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A federal judge on Tuesday struck down a state law that eliminated “Golden Week,” several days when Ohio voters could both register and cast a ballot.
The 2014 law violates both the 14th Amendment of the U.S. Constitution and Section 2 of the Voting Rights Act, U.S. District Court Judge Michael Watson wrote in his opinion siding with Democrats who challenged the law.
The state will appeal the ruling, a state attorney general spokesman said. If the ruling stands, Ohio voters will have 35 days to cast a ballot this November instead of 28 and will be able to register to vote and cast a ballot at the same time.
The case has a long history in the Buckeye State, but the current court found a new justification for re-establishing Golden Week:
In 2014, the American Civil Liberties Union challenged the law on behalf of the Ohio chapters of the National Association for the Advancement of Colored People and League of Women Voters and several African-American churches. A federal district court judge struck down the law, but the state was granted a stay.
Ohio Secretary of State Jon Husted and Statehouse Republicans argued that Ohio provides 28 days of absentee voting by mail and in-person, making it one of the most expansive voting systems in the country.
The court agreed with the ACLU’s argument that eliminating Golden Week resulted in less opportunity for African Americans to participate in the political process than other voters. Census surveys and anecdotal evidence showed African American voters were more likely than white voters to cast ballots early and in-person.
Watson, a George W. Bush appointee, cited that case in his opinion. The Ohio Democratic Party and Montgomery and Cuyahoga county parties took over the lawsuit, initially filed last year by the Ohio Organizing Collaborative.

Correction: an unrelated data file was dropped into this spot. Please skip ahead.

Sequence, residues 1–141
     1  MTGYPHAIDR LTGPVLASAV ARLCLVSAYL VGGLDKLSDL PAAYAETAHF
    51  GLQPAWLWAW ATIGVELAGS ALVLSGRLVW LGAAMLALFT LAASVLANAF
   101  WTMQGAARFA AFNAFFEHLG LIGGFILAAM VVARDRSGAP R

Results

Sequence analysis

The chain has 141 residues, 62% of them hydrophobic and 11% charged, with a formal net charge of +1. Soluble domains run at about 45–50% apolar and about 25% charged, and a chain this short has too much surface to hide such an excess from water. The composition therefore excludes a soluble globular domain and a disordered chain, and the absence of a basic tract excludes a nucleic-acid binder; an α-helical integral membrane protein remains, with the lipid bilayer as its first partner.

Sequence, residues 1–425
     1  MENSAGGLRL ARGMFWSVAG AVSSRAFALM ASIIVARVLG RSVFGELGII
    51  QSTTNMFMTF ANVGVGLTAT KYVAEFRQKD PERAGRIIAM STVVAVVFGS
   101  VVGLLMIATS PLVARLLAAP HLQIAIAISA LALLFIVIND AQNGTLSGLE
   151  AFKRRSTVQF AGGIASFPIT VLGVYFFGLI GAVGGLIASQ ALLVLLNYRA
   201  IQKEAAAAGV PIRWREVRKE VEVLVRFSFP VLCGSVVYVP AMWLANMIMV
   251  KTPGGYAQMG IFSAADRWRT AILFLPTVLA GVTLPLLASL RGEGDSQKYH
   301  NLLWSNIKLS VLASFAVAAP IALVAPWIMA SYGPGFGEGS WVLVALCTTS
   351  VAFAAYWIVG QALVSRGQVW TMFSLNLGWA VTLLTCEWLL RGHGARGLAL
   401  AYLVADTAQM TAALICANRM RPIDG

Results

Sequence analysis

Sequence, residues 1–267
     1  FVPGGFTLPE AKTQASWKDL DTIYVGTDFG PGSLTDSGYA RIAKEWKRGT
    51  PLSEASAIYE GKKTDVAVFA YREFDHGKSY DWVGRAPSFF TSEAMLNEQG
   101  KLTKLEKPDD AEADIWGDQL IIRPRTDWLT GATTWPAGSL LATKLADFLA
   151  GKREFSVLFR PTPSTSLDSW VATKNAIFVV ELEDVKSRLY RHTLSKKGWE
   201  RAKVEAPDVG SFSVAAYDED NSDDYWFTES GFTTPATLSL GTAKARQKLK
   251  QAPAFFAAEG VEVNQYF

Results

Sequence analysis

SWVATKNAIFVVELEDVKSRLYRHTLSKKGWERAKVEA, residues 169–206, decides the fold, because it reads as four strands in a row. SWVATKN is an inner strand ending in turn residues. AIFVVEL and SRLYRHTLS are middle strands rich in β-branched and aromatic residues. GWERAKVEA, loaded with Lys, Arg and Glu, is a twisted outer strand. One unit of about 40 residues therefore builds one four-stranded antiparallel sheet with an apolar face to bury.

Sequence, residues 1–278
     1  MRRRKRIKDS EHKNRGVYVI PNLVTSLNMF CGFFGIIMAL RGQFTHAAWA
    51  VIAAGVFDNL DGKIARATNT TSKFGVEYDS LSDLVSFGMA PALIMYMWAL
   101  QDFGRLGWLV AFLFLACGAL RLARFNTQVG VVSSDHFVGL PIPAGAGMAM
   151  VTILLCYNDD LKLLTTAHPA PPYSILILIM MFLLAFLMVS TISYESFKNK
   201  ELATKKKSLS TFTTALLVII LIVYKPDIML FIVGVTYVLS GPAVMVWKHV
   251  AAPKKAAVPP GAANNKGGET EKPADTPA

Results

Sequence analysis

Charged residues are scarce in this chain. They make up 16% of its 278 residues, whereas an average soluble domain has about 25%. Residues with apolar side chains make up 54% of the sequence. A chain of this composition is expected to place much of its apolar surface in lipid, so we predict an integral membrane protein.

Lost in much of this discussion was the fact that all of the other challenges to Ohio law were rejected:
The lawsuit challenged several election laws passed by the GOP-controlled General Assembly. Watson upheld all other laws, which Husted praised in a statement released Tuesday afternoon.
“While I am pleased the court has upheld existing law on nearly every issue, it is disappointing that a federal judge would again change the election rules after the current laws were upheld in the same federal district court by a settlement agreement we reached with the NAACP and the ACLU,” Husted said. [Husted also said he would consult with legislative leaders before deciding on an appeal. though late yesterday the state indicated it would appeal -ed.]
The Golden Week fight has very strong partisan overtones, despite election officials’ collective position that it is unnecessary:
Eliminating Golden Week had the support of the bipartisan Ohio Association of Election Officials, but was opposed by Democrats. Ohio Democratic Party Chairman David Pepper called the ruling an enormous win for Ohio voters. About 60,000 voters cast ballots during Golden Week in 2008 and 80,000 voters cast ballots during that time in 2012.
UC-Irvine and Election Law Blog’s Rick Hasen has a lengthy but must-read post on the decision and what it means given the current state of the U.S. Supreme Court; it’s too long and too detailed for me to adequately summarize – so you should go read it now.
Obviously, this is a big deal – not just because Ohio is such a key state, but also because of the issues involved and because of the potential for key rulings by federal appellate courts (and maybe even the eight-member SCOTUS).
Fasten your seatbelts – and stay tuned …